By Craig Nudelman
During the past few months we have had to deal with many things. Isolation, quarantine, homeschooling, a lack of exercise and a lack of recreational activity.
But we have also had to deal with a plethora of platitudes, memes and motivational quotes. There are three, in particular, that I hate. The first are four words that fill me with dread: “My fellow South Africans…” Even typing them makes me feel ill. But there are two other which irritate me to no end.
The first is “this too shall pass”. Now, I understand that we need to be hopeful, but I don’t need to be constantly reminded that this will happen at some unknown point in time. “But WHEN will it pass? When?”, I want to ask every kind-hearted person who gently reminds me that “This too shall pass”.
The second, and more frustrating for me, is those who say that this is “the new normal”. I do not like this for a several reasons. The first is that it is suggesting that there was a normal to begin with. This is not a normal time for me, or any parent who goes through any life changes. And growing up and dealing with existential issues aren’t normal either. I am not sure how to do anything normally, so when people say there is a ‘new’ normal, I get irritated.
Why do people always have to coin phrases to make us feel better? And do motivational quotes make us actually feel better? Some people would say yes. Words and thoughts are extremely powerful and can affect one’s mental and emotional health. In fact, they can even change the way we act.
However, we need to stay away from motivational quotes which can maintain the negative thoughts that we are trying to get rid of.
These are the following ‘thinking styles’ which can reinforce negative emotions. Black and white thinking is when you only think in extremes, usually using negative phrases motivate, like this from Beverley Sills, “You may be disappointed if you fail, but you are doomed if you don’t try.”
Another is ‘Compare and despair’ — comparing ourselves with others to make ourselves feel inferior. To reinforce this, here is a nice quote from Jim Rohn, “Successful people do what unsuccessful people are not willing to do. Don’t wish it were easier; wish you were better.”
The third is called ‘high and inflexible rules’ – when people hold themselves to sometimes unachievable aims. A quote for this would be one by James Cameron, “If you set your goals ridiculously high and it’s a failure, you will fail above everyone else’s success.”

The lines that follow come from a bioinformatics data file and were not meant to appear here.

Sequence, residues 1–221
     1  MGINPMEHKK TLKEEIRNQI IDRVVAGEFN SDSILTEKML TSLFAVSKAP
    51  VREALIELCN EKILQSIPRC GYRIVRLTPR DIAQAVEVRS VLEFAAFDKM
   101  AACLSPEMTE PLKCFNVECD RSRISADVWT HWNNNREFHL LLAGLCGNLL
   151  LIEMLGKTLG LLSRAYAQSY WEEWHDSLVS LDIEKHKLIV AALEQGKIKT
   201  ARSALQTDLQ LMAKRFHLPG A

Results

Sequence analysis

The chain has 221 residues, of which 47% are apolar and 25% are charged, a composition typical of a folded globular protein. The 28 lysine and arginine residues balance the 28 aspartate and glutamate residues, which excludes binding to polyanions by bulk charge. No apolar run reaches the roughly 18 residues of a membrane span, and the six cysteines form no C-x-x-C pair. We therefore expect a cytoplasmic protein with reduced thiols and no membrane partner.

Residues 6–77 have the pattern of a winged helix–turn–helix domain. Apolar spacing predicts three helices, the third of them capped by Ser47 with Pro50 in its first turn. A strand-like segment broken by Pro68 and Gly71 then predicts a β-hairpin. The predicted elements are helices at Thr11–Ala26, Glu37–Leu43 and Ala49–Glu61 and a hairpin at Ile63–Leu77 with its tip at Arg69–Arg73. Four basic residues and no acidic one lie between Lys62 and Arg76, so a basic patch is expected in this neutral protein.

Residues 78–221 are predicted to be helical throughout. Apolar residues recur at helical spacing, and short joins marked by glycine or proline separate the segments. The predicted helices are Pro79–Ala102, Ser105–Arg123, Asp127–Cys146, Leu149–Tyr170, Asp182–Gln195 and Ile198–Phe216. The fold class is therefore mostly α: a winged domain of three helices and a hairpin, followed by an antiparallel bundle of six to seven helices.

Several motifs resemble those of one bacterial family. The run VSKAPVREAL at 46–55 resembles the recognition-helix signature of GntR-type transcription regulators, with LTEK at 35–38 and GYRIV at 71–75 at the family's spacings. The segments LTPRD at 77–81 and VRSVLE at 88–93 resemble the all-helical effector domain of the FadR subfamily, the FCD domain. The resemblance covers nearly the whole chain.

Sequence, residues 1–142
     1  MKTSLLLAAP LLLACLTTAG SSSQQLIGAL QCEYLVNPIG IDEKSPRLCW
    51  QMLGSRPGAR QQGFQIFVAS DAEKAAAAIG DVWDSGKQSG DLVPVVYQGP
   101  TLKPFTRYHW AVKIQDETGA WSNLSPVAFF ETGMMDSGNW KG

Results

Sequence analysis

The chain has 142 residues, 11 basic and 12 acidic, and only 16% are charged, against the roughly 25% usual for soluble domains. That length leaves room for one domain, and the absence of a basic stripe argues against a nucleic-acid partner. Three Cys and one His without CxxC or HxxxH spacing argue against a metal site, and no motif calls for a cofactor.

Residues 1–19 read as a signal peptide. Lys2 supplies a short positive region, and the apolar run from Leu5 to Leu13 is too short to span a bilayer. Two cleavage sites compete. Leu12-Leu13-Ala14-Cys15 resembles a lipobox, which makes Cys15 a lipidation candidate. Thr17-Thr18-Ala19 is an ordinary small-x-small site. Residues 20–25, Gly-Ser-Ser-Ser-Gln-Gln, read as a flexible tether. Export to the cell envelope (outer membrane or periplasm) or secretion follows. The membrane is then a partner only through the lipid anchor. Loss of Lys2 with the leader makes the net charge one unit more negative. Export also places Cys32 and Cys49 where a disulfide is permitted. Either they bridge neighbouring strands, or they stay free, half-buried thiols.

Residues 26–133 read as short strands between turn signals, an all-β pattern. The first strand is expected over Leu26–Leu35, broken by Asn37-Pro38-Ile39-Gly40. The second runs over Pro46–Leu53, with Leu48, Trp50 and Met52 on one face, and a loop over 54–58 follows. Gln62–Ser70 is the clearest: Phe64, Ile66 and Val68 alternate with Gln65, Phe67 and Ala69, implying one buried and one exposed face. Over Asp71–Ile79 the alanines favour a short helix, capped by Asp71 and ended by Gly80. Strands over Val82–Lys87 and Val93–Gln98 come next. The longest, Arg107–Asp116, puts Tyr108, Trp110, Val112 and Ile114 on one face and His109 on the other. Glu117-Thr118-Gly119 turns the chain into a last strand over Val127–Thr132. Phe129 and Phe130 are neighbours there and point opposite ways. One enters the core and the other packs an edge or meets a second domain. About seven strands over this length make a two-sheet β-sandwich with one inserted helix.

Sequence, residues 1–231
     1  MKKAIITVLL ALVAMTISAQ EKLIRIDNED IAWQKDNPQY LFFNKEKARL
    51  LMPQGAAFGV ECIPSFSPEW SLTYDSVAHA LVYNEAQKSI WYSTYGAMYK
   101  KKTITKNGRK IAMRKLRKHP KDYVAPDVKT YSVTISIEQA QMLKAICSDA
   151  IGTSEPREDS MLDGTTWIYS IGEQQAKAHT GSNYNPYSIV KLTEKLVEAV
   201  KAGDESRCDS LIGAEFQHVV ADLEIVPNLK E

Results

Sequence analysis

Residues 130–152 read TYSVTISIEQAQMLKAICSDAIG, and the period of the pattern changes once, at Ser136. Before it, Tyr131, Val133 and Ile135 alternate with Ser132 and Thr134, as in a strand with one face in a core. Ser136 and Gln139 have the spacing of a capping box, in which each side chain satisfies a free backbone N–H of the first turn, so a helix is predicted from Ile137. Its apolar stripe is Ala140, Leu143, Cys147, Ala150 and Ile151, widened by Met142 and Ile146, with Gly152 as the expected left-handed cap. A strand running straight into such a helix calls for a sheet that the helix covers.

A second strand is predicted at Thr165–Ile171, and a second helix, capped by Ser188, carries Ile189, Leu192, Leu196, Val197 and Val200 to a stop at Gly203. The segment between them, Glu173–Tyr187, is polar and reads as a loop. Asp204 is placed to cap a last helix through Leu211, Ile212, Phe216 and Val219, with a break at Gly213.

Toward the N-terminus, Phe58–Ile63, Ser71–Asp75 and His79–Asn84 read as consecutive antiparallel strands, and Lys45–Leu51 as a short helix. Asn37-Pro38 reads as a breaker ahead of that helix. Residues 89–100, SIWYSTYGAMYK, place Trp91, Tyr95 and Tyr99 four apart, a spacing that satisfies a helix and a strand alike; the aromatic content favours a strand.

There is also a lot of research into how motivational quotes have become a social media industry. In an article on wired.co.uk, Victoria Turk demystifies how people make money from just posting motivational and inspirational quotes.
Many people have been able to quit their day jobs by just being a presence on social media and writing inspirational quotes.
One such person is Laura Belgray, who wrote a piece published on Money.com with the headline, ““I Get Paid $6 000 a Day to Write Inspirational Quotes for Instagram. Here’s how I perfected this dream job.” (I’m obviously in the wrong job!)
Life is hard and it doesn’t get easier – when we adapt and change the world changes again so we have to adapt and change. It’s a never-ending cycle of recreating ourselves.
But we do need to stay motivated, especially during a pandemic that has crippled South Africa’s economy, education system, and brought corruption back into the picture. I am not putting a blanket ban on inspirational or motivational quotes. If something really gets you going, I’m happy for you. But I prefer to find my happiness in music, literature, art, friends, family, theatre, and film.
But if I could give one word of inspiration, if you want to hear it after my rant, it is this, courtesy of Monty Python’s ‘The Life of Brian’: “Always look on the bright side of life”.
Chag Sameach and G’mar Chatima Tova. May your 5781 be much, much better than 5780!
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